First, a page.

An Infinite Family of Hyper-Lambert Functions and Their Use In Numerically Solving Exponential Tower Equations

(The analysis that follows is a light introduction. For more austere results, consult Paper 5).

Lambert's W function is the function that satisfies the functional equation W(z)*eW(z)=z   (1)

Various properties of this function have been presented in the articles: Infinite Exponentials, A Maclaurin Expansion for Lambert's W function and Numerically Approximating the Principal Branch of the Complex Lambert's W function.

This function will henceforth be denoted as W, unless explicitly named. W is multi-valued so it is usually denoted as W(k,z), with k in Z, denoting the appropriate branch and W(0,z)=W(z) denoting the principal branch.


Let us return to equation (1) for a moment. As W satisfies it, it is obvious that if we have an equation that can be brought into the form x*Ax=y (2), W can solve it as follows:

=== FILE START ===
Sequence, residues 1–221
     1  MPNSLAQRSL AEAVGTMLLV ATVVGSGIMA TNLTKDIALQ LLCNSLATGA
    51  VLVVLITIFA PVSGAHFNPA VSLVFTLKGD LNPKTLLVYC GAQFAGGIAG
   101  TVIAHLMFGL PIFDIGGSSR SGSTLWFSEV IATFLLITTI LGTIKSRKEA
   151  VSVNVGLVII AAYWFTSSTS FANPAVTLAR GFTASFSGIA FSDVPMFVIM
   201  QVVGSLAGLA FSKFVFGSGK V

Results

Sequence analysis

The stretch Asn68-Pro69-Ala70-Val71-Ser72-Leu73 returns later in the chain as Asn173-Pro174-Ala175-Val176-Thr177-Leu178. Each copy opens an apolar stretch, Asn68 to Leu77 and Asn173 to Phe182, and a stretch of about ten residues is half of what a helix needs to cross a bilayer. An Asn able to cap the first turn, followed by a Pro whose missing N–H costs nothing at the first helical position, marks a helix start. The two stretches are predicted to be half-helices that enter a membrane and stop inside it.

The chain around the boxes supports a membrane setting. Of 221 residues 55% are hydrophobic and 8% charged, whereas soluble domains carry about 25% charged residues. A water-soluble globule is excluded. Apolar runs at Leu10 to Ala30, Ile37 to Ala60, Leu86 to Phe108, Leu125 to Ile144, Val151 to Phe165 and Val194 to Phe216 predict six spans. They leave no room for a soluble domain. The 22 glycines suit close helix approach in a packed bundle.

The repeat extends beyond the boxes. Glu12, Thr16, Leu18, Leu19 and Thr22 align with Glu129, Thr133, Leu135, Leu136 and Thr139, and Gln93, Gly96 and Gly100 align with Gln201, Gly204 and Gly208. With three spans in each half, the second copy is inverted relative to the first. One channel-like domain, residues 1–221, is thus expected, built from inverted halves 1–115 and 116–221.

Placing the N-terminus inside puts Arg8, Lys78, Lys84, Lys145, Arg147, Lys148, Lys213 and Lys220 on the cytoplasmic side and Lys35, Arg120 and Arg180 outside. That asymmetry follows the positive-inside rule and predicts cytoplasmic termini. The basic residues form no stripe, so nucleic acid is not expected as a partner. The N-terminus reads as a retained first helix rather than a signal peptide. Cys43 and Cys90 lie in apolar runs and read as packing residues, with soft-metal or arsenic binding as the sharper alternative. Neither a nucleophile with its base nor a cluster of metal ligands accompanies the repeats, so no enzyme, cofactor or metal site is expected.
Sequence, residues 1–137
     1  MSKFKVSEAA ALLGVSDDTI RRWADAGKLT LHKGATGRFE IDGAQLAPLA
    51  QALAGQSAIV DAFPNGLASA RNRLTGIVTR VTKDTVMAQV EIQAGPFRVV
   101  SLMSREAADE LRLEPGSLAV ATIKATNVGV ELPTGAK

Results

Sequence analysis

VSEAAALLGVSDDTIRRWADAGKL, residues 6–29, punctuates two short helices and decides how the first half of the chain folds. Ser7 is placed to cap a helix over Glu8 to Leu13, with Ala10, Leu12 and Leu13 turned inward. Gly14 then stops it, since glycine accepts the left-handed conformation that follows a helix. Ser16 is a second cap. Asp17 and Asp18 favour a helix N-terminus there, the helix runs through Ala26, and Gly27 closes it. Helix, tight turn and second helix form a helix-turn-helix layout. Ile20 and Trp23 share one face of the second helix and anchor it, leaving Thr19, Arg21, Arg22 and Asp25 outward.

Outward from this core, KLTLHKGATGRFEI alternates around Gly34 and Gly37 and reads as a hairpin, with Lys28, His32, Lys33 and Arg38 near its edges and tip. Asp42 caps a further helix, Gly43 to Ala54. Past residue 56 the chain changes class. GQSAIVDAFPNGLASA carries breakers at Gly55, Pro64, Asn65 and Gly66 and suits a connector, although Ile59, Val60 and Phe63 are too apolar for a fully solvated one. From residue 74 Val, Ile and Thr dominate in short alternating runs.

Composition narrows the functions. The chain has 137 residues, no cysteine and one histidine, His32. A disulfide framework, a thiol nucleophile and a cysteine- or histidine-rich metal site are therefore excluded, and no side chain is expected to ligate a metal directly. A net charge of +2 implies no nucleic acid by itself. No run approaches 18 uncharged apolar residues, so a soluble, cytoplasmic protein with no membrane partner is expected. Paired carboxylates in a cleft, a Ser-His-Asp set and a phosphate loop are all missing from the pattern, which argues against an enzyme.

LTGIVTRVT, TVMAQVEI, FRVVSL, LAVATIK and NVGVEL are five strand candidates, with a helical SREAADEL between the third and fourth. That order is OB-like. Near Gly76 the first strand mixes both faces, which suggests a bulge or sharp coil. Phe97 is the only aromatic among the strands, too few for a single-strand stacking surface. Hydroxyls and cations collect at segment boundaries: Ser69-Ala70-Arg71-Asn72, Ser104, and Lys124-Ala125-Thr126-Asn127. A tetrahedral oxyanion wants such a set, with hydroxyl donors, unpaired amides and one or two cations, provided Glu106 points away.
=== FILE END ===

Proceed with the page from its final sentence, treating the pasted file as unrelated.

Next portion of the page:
x*Ax=y, =>

x*elog(A)*x=y, =>

log(A)*x*elog(A)*x=log(A)*y, =>

log(A)*x=W(log(A)*y), =>


Now let us verify that x as given above, satisfies equation (2):



log(A)*y/log(A), (using the definition (1) with z=log(A)*y)


A quite large family of exponential equations that are otherwise unsolvable algebraically can be brought into form (2) or a similar form and as such can be solved by the W function. For example, the equation cx=x, can be brought to a form closely resembling (2), and thus we can solve it analytically by W:

x=cx, =>
x*c-x=1, =>

-x*e-x*log(c)=-1, =>

-x*log(c)*e-x*log(c)=-log(c), =>

-x*log(c)=W(-log(c)), =>


A similar treatment[1] solves equations of the form: A*cx=B*x, A,B=/=1, A=/=0. (3)

The principal motivation behind such manipulations is to solve exponential equations that are otherwise impossible to solve algebraically. Knowing the behavior of W one can determine immediately for example whether equation 2x=x has any real solutions without resorting to numerical methods. In the latter case, solving the equation using W, one gets W(-ln(2))/ln(2).